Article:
An Open Letter to Michael Riedel: I've Seen the Lights Go Out On Broadway

Mr. Riedel - 

It seems you've struck a chord at the end of your August 16th, 2013 article, "Those lazy days of summer," with your chiding of the lack of coordination and/or participation when honoring the passing of important Broadway personalities by dimming the marquees at Broadway theatres. But you've also (surprise, surprise) gotten some comments that you probably didn't expect. While I would concede that coordination of the dimming of marquees could use a little more organization, I take issue with the follow up in your August 21st article,"A bright idea: Dim the lights on cue," and I believe a correction is in order, although I'm not expecting one.

You mentioned three specific theatres on 45th Street: The Booth, The Schoenfeld and The Jacobs in your experience. While I don't know what the situation at The Jacobs is, the Booth and Schoenfeld are currently dark. The marquees are on timers and since the theatres are dark, the house electricians are not in the building at the time. This is a major fact that weakens your argument. Hopefully it was just an error of omission or naiveté.

You failed to mention another 45th Street theatre, The Imperial - which is also dark, but perhaps you were too busy at the Jacobs demanding satisfaction to notice. The Marriott Marquis? Dark. And I can guarantee you that at least six other theatres did not dim their lights: The Cort, The Belasco, The Brooks Atkinson, The Broadhurst, The Roundabout's American Airlines and The Lyceum - all currently dark.

I can understand your disappointment at the stunning revelation that it's possible that all theatres don't dim their lights, and it's really a shame that it's something you finally took notice of when specifically looking for the tradition in relation to your friend. But the times change, technology advances, and the preference of a theatre owner to have their marquee lights on timers to make Broadway bigger and brighter is their prerogative. It has absolutely nothing to do with house electricians not being "dutiful" in their responsibilities, as you claim your misinformed "backstage worker" noted.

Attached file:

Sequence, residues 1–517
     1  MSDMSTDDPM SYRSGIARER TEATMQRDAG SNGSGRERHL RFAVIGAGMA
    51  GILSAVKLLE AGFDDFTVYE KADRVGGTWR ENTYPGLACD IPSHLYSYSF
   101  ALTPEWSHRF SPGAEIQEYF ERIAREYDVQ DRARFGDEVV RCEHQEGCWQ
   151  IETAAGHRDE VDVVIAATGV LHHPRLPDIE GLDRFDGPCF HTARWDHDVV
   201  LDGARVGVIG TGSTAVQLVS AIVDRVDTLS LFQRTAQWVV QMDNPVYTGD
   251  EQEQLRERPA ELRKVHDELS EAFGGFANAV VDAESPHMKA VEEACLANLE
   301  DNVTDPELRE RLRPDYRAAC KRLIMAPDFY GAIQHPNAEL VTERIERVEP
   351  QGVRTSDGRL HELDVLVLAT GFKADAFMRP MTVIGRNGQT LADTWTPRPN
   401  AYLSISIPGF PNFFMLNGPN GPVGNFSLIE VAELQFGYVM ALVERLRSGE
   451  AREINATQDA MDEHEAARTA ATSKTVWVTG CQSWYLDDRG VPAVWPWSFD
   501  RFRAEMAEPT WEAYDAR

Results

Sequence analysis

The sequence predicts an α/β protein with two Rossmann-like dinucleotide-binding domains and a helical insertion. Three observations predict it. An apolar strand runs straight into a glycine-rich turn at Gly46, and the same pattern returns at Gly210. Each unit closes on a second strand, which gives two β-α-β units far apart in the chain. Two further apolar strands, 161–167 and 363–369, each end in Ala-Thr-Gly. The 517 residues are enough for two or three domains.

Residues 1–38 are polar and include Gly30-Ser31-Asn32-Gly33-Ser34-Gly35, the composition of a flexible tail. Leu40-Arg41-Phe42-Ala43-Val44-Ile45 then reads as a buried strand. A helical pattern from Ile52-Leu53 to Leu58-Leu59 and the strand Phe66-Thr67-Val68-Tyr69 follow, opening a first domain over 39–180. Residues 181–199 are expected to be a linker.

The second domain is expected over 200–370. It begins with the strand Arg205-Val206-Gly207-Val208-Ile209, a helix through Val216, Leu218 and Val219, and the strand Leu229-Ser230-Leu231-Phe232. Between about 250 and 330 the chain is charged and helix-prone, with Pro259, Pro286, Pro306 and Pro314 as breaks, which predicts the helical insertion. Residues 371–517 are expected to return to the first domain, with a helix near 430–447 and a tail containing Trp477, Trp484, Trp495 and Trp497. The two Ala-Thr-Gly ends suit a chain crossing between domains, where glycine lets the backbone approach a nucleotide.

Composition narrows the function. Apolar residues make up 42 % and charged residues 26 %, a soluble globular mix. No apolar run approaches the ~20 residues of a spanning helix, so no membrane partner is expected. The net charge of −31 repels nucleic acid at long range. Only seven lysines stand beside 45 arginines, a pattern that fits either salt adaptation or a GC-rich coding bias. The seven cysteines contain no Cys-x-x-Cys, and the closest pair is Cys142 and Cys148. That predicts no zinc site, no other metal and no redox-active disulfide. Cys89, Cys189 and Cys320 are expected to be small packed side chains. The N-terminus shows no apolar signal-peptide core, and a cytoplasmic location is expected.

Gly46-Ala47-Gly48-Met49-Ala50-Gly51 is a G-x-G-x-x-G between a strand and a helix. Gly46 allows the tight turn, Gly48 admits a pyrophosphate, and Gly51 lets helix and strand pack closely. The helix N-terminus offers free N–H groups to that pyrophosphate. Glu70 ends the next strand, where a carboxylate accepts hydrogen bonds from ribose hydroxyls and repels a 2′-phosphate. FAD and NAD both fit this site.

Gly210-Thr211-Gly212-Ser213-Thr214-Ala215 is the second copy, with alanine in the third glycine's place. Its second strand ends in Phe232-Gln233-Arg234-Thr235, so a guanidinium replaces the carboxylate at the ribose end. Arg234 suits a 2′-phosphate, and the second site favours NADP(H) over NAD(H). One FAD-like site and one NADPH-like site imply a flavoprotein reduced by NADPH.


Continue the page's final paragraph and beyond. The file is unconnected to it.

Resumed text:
Another sign of the changing times are the League contracts with the Stagehands' Union. "Back in the old days" house electricians were typically not given as many responsibilities on the actual run of the show in order to be on hand to take care of house matters including box office power issues or perhaps blown lamps or tripped circuit breakers in the restrooms just to name a couple of examples. Nowadays, more often than not there is only the house electrician for those duties and now they are additionally responsible for the run the lighting cues during the show, effectively leashing him/her to the lighting console. What happens to that theatre marquee in the event of a traditional 8pm dimming of the lights when their show begins at 7pm? It most likely will remain lit.

Now if, as you report, The Broadway League and their leaders are truly concerned about this storied tradition, perhaps Local One, New York City's stagehand union, can address it at their next contract negotiation - all due to your encouragement, of course - and state that in order to ensure all Broadway marquees are dimmed at the appropriate time and to fully implement the tradition, all house electricians should be called in at the designated time to dim the lights... and the League can foot the bill. Then we'll see how "concerned" the leaders of the Broadway League really are.

Broadway Carl


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